Following some late-game theatrics with the Nationals on Tuesday, the Braves likely had some inkling that Wednesday’s game could feature more of the same. Washington starter Sean Nolin delivered on that belief in the first inning, hitting Freddie Freeman on his second attempt before being ejected. With just one out, this left 82⁄3 innings to be covered by the Nationals bullpen. They were up to the task, holding the Braves offense quiet in route to a 4-2 win.
Prior to the chaotic bottom-half of the first, the Nationals already owned a 1-0 lead. Austin Riley began the game with a throwing error, then Touki Toussaint made matters worse by hitting a batter and walking another. He managed to allow just the lone run, but with an elevated pitch count.
Then came the Nolin ejection after the left-hander hit Freddie Freeman. His first attempt sailed behind Freeman, right around the letters on his back. The next plunked the Braves first baseman on the right hip. Following a conference between the umpiring crew, Nolin was ejected having retired just one batter with two on base. Patrick Murphy entered in relief and promptly struck out Austin Riley, then induced a fielder’s choice from Adam Duvall that ended the inning.
The Nationals added another run in the fourth inning on a Josh Bell solo homer to right-center, extending their lead to 2-0. After consecutive walks, Touki Toussaint exited the game having retired just nine batters while walking four. He allowed just one earned run, but threw just 29 strikes in 62 pitches while laboring through three innings.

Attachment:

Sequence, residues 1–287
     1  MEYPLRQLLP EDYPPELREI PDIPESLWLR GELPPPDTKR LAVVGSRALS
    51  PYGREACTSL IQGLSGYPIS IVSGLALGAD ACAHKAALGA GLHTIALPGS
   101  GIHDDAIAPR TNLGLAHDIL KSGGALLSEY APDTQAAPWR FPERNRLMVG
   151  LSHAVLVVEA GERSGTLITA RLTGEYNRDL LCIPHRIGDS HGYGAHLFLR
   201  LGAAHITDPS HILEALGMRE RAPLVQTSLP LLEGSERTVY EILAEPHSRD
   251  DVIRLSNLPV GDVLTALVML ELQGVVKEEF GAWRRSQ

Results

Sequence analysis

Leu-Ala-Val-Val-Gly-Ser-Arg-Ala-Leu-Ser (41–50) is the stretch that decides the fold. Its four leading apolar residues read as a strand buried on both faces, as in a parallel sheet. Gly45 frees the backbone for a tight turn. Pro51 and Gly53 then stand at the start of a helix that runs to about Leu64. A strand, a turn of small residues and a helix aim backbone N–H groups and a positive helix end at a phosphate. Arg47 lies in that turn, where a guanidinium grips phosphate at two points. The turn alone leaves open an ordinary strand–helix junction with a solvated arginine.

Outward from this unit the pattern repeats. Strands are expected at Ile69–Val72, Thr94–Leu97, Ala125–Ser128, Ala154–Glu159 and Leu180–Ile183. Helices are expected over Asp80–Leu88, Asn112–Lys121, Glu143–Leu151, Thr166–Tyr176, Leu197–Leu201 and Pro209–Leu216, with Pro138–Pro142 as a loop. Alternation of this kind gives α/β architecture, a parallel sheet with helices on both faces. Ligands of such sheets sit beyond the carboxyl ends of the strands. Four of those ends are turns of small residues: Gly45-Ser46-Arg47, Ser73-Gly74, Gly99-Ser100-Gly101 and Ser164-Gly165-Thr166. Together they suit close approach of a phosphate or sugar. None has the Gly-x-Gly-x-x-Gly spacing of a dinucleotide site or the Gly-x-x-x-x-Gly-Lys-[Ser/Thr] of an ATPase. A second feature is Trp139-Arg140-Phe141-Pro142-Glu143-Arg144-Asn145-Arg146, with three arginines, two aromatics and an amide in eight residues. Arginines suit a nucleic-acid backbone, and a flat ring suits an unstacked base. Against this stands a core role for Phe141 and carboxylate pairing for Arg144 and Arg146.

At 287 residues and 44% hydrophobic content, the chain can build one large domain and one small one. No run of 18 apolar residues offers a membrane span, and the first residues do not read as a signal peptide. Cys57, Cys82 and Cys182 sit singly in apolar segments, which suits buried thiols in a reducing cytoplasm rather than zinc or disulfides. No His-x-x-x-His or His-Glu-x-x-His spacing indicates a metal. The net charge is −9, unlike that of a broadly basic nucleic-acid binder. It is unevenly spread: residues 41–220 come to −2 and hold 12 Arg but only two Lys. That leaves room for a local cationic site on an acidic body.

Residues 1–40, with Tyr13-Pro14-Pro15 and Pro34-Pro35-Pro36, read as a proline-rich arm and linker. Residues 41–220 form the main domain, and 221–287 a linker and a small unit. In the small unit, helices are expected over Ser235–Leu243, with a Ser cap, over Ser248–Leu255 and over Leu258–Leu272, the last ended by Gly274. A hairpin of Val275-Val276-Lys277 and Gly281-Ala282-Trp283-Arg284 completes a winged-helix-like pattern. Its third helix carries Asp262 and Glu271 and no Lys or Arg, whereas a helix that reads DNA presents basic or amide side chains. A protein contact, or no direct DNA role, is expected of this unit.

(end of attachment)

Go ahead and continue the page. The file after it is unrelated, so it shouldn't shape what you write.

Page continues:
The Braves finally broke through in the fourth inning with Adam Duvall blasting a homer to left field, cutting the lead in half. Atlanta tied the game two innings later on an Eddie Rosario blast down the right field line, which came on a pitch that nearly hit his back foot. Again, deadline acquisitions continue to help carry the Braves offense.
The tie was short-lived, as Juan Soto untied the game with a seventh inning solo blast to deep right-center. Richard Rodriguez had retired the first two batters, then threw a middle-middle fastball to the hottest hitter in baseball, who crushed it. The final measurement was 462 feet and left Atlanta with a late deficit.
The Nationals scored again in the eighth against Drew Smyly, whose relief stint looked eerily similar to his recent performances in starts. The Braves trailed 4-2 in the eighth and were retired in order. After escaping a mini-rally by the Nationals in the ninth, the Braves had an opportunity to tie with two outs and Freddie Freeman batting. He lined out to left field and the game ended with Atlanta managing just five hits in 82⁄3 innings against the lowly Washington relief corps.
This game pretty much encapsulated what the Braves have been this season: maddening. The opposing starter was gone after just three batters and somehow the offense was nearly silenced afterward. The Braves have to beat bad teams and failed in that regard on Wednesday, but will have an opportunity to win the series on Thursday.